I just sent my last dissertation chapter to my committee for comments, so I am back to blogging after a long hiatus while they decide whether I can graduate.
Today’s post is inspired by a back-and-forth between Andrew Gelman and Nicholas Christakis over an op-ed that Christakis wrote in the NYTs. Christakis’s thesis is that we should shake up the current (historically contingent) disciplinary structure of the social sciences. As an evolutionary social scientist who is frustrated by the seemingly arbitrary distinctions between different fields, I agree with much of what is in Christakis’s op-ed. (Though, for the record, Harvard and Princeton are maybe the last places I would look for collaborative interdisciplinary research – more like Arizona State.) I also agree with Gelman’s critique which is essentially about one paragraph. But these are topics for another post.
This post is about the utility of publishing 800-word critiques of the social science for a general audience. In his response to Gelman, Christakis wrote:
As to your original complaint, let me say this: my main point (within a constrained 800-word format, for which the editors write the title, not the authors) is that we can learn something from the natural sciences about institutional forms and about ways of doing science (just as they surely can learn from us).
This is not without precedent. Last year Kevin Clarke and David Primo also published an 800-word critique of the social sciences in the NYTs. While I greatly admired their book, when condensed to a 800-word version for a general audience the argument lost a lot of its punch.
In some sense this is to be expected. Scientific arguments and controversies are hard to distill in a short discussion for general readers without doing the science major harm. Even more difficult, may be making these arguments and controversies that seem so important to the scientists involved, interesting to general readers. Some, like journalist Carl Zimmer, are masters of writing entertaining, understandable prose for general consumption without misrepresenting the state of the science. But being Carl Zimmer is not so easy (as my relatives who persevere in reading this blog often remind me – I’ll keep practicing!)
One of the problems with critiquing all of social science is that there are literally tons* of social scientists with very diverse views, methodology, areas of study, and philosophies of science. It is very difficult to paint all of social science with one 800-word brush. For example, my sense is that Clarke and Primo’s critiques apply much more acutely to their home discipline of political science than to any other social science discipline – which is something they make more clear in their book than the NYT article. Expanding their critique to all of social science might give readers a mistaken impression of the state of other fields.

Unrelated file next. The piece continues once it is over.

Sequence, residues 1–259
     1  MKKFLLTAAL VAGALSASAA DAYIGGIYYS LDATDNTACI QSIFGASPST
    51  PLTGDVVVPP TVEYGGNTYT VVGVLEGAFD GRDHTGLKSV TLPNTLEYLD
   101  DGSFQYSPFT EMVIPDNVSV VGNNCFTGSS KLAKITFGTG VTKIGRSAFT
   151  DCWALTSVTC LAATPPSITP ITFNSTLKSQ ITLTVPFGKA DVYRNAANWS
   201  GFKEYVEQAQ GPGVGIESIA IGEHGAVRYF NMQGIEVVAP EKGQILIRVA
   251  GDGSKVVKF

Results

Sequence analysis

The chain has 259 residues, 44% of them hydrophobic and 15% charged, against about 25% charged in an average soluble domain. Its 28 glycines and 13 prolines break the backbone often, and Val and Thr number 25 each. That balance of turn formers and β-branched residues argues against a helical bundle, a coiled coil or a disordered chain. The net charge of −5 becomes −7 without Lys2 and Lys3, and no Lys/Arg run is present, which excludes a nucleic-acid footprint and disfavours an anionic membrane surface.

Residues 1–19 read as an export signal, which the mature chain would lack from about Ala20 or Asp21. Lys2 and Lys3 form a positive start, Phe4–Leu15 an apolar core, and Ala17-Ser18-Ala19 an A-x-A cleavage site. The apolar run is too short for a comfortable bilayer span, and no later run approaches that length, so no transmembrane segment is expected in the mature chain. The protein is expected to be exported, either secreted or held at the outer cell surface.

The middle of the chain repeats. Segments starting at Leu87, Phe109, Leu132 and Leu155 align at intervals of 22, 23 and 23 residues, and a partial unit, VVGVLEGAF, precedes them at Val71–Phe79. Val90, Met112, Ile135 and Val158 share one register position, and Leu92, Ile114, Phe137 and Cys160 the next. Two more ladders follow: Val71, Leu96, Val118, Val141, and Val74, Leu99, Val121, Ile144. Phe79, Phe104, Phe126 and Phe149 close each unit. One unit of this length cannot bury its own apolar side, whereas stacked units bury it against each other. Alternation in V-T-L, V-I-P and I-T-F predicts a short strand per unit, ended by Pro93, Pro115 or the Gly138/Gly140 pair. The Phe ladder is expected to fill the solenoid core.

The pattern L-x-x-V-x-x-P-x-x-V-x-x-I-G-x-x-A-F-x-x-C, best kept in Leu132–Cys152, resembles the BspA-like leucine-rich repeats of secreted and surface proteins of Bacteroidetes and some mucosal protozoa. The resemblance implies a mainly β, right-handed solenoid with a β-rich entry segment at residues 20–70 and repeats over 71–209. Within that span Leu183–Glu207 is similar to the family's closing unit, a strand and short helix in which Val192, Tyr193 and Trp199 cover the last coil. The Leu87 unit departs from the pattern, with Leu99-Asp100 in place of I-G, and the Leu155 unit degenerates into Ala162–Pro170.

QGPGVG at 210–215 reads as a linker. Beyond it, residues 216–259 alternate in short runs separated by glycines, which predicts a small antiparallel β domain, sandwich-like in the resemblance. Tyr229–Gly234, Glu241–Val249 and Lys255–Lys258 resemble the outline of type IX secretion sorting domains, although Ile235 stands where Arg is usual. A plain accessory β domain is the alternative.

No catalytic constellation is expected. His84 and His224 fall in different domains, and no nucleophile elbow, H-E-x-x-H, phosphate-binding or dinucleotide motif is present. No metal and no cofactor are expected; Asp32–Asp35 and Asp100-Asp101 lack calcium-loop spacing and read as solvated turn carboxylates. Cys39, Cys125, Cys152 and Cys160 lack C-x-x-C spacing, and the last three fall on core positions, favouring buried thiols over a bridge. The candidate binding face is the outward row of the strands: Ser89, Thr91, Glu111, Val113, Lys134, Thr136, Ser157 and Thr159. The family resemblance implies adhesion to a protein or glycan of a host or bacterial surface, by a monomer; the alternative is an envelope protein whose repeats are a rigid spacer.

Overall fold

My other sense is that making these types of distinctions does not help many readers of the NYT absorb the main point of the article – that social scientists should not emulate what they think are natural scientists methodologies (Clarke and Primo) or that social scientists should emulate the way natural scientists structure their disciplines (Christakis). There may be a trade-off between accessibility and rigor that we non-Carl-Zimmers need to strike when making a general point to a general audience.
The problem with this is that NYT articles written by distinguished scientists attracts audiences that are not entirely general. For example, I am much more likely to read an op-ed written by Clarke, Primo or Christakis than I am to read one written by, say, Thomas Friedman or Maureen Dowd (even though the base-rate Friedman and Dowd op-ed writing is much higher). We specialist audiences have much more invested in these discussions, have stronger opinions, and make greater distinctions than the average reader of the NYTs.
This is one of the advantages of the blog format. As I strive to become more Zimmer-like (maybe I should just drop my name’s last syllable), I have the luxury to err on the side of verbosity and distinction-making. And I have the luxury of a self-selected audience who come into this with eyes wide open (or are my close relatives). This gives me a safe, if public, space to develop my voice and ideas and gradually widen the circle to a wider audience.
* – Though, to be fair, this only requires about 27 social scientists assuming (conservatively) a mean weight of 150 pounds (at sea-level).